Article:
04101 Travel Guide
Stop the presses! Start the construction. It was announced this week that Maine’s former Portland Press Herald building will be transformed into boutique accommodations — The Press Hotel, slated to open in 2015. (We had heard this was going to happen a few years ago but now it's legit.)
The 90-year old building on Exchange Street in the historic Old Port District has been abandoned since the city’s major newspaper relocated in 2010. But local Jim Brady — a longtime hotel developer who has renovated properties for Doubletree Hotels, Holiday Inn and others established brands — intends to preserve the history of the space. He described his vision in a statement about the project:
We want to connect with the history of the building, the talent of the region, and the skills of Maine’s craftsmen and artists. … This hotel will be connected to where the local scene is going while being rooted in its past.”
The interior, designed by Stonehill & Taylor (the team behind NYC spots like The Refinery and Ace), “will be a modern interpretation of Portland’s history of news and information, the long history of Maine’s appeal to artists and the building’s printing history.” Read: Free coffee and Screaming Rooms. (No? Well, this is supposed to appeal to journalists, right?)
Old, run-down industrial buildings getting repurposed as boutique hotels? It's what we like to call 'a trend.' And Portland, ME is the latest city to get in on the action, with the conversion of the old Portland Press Herald building into a 100-room boutique hotel.
Funnily enough, the Portland Press Herald itself reported on the story, saying its former headquarters, which is located on the edge of Portland's historic Old Port district, has been sitting empty since 2010.
There has been a lot of talk recently about the lifestyle of digital nomads -- folks who work from wherever they might roam. HotelChatter has been covering hotel wifi since the beginning, but as we cited in our 2009 annual hotel wifi report times they are a changin'.
The biggest change on the tech side is the growing popularity of the usb broadband card. As more and more people buy into these cards (and more and more GMs pray to the hotel gods they do) there are a growing number of digital nomads that no longer tap into a hotel WiFi network. Instead, these nomads are in search of killer hotel lobbies to comfortably work in. That's right, digital nomads have no problem coming in, kicking back on hotel lobby couches and doing an hours worth of work. So once again hotels have a choice -- welcome these folks, pay no mind to them, or actively try to kick them out.
With this in mind, we figured it was time for us to start rating hotel lobbies on their digital nomad quotient. First up, the Portland Harbor Hotel.
One of our tipsters spent some time at the Portland Harbor Hotel in Maine and sent us these shots of the place.
Now we don't know for sure what goes on in Portland, or the rest of Maine for that matter, aside from lobster fishing but apparently this place is in the heart of Old Port, which was voted one of America's Sixty Best Public Places. It is also the only four-diamond hotel in Portland.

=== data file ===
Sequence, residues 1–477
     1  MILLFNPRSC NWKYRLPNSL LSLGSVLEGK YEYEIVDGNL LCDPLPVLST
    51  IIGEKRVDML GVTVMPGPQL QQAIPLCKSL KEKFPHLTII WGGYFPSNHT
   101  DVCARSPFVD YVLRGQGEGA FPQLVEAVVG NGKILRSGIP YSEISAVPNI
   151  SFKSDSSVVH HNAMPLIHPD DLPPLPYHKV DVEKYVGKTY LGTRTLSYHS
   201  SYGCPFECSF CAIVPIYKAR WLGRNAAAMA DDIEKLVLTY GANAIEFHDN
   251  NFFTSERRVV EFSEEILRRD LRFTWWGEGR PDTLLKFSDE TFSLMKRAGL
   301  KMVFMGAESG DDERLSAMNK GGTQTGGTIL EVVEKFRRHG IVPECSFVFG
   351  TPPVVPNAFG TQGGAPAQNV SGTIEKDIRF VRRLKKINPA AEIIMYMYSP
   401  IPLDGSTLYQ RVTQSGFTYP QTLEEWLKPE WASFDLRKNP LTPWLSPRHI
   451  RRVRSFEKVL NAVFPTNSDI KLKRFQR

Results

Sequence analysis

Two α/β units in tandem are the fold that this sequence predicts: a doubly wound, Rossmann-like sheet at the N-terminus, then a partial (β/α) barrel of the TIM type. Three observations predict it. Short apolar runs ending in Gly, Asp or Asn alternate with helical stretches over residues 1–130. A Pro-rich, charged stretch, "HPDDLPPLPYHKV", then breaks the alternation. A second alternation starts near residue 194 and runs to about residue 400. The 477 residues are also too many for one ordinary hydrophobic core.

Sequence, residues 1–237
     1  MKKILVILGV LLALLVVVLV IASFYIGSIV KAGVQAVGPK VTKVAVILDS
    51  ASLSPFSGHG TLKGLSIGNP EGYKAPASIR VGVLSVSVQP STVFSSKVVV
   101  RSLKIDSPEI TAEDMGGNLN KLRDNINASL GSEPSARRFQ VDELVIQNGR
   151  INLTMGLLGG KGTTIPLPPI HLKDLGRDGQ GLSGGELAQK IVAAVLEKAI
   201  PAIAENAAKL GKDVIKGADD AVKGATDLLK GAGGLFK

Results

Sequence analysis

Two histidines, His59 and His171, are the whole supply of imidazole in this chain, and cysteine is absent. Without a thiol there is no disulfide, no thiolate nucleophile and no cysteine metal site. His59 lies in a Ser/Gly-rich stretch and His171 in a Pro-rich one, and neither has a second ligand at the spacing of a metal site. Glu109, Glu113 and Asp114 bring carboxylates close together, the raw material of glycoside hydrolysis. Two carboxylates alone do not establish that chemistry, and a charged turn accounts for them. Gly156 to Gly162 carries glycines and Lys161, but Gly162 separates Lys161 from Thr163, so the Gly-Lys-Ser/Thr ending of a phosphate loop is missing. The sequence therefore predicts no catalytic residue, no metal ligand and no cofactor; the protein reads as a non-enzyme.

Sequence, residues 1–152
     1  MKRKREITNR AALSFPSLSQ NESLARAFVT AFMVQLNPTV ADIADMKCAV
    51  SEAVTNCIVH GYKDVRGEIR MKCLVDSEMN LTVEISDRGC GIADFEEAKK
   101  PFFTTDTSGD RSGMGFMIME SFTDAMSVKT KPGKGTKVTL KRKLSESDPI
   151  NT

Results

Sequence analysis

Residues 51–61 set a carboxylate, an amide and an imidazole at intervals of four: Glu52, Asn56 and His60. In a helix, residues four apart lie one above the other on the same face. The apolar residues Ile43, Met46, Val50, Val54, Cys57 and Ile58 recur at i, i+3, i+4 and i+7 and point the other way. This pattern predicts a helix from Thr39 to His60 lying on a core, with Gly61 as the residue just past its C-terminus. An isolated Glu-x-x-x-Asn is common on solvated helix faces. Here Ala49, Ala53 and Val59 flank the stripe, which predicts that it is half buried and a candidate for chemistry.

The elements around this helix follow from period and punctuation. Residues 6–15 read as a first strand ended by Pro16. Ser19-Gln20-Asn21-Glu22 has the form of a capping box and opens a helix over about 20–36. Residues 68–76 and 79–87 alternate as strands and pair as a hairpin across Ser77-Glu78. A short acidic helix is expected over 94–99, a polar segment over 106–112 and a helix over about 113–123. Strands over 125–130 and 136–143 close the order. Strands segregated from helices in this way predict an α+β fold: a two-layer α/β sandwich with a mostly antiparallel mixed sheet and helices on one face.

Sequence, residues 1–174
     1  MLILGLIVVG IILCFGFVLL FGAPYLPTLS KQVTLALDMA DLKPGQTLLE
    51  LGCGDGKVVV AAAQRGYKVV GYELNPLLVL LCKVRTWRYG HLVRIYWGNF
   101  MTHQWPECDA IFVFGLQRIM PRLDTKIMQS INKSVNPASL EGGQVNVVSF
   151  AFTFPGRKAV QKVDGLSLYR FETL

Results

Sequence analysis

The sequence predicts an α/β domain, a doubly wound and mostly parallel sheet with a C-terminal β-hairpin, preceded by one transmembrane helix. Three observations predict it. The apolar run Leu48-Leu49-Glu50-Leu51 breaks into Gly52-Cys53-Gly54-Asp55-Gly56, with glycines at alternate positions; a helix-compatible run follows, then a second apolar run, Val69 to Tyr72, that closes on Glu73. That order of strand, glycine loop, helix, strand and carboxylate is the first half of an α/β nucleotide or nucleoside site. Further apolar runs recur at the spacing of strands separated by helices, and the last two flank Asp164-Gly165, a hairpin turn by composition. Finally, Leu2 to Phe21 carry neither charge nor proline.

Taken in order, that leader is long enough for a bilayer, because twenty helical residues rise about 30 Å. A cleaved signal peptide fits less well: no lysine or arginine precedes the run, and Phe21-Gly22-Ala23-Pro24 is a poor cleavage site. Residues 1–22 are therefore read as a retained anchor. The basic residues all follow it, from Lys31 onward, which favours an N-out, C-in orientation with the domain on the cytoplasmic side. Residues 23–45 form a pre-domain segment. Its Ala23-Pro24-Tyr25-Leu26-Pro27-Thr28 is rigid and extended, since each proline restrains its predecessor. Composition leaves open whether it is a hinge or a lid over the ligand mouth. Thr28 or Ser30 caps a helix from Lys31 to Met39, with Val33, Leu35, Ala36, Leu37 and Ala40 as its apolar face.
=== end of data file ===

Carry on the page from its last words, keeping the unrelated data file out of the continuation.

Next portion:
Inside, the very New Englandy-rooms have views of either the city, Casco Bay or the hotel garden. Yet despite some colonial stuffiness, the hotel does have Jacuzzi suites for all those late-night ragers you find yourself having in Portland. Rates start at $195.
Another exciting pic after the jump.
We will let you in on a little secret--there isn't a great hotel in Portland Maine.
If you want to stay within walking distance of the Old Port you will have plenty of choices, but, in our opinion they all have some drawbacks.
First, most hotels in-town Portland are extremely expensive. Hey, when your "season" is approximately six weeks long your rack rate better be high enough to cover your debt services.
One hotel to consider, if you are willing to navigate its shortcomings, is the Portland Harbor Hotel.
This property is relatively new, has a great little coffee bar and free Internet access for guests. Furthermore, it is directly in town so you can walk to all destinations Old Port.
So what is the issue?
Issues And Solutions Post Jump
Maybe a new building with a facade of titanium steel would be welcomed with open arms in Pittsburgh, however, on Commercial Street in the Old Port, it ain't gonna fly.
The Old Port is a quaint section of Portland's "working seaport," and the Hilton Garden Inn looks completely out of place.
Of course the look of the hotel has nothing to do with the service. So how is the service? Here is what one miffed guest said:
This hotel ruined my girlfriend's and my vacation and has caused weeks of havoc and stress. The valet parking service blatantly crashed our car. The entire staff refused to accept responsibility, saying we had no proof.
Yes, we know, a car accident, allegedly at the hands of the hotel staff, will definitely taint your hotel experience. However, other guests have opined that this hotel is a tad over priced, at least for the type of service and amenities you get.
In general, Portland Maine is an expensive place to stay in the summer, we are talking rates that can break $200 a night. With that in mind do you really want to take a chance on this steel monolith?
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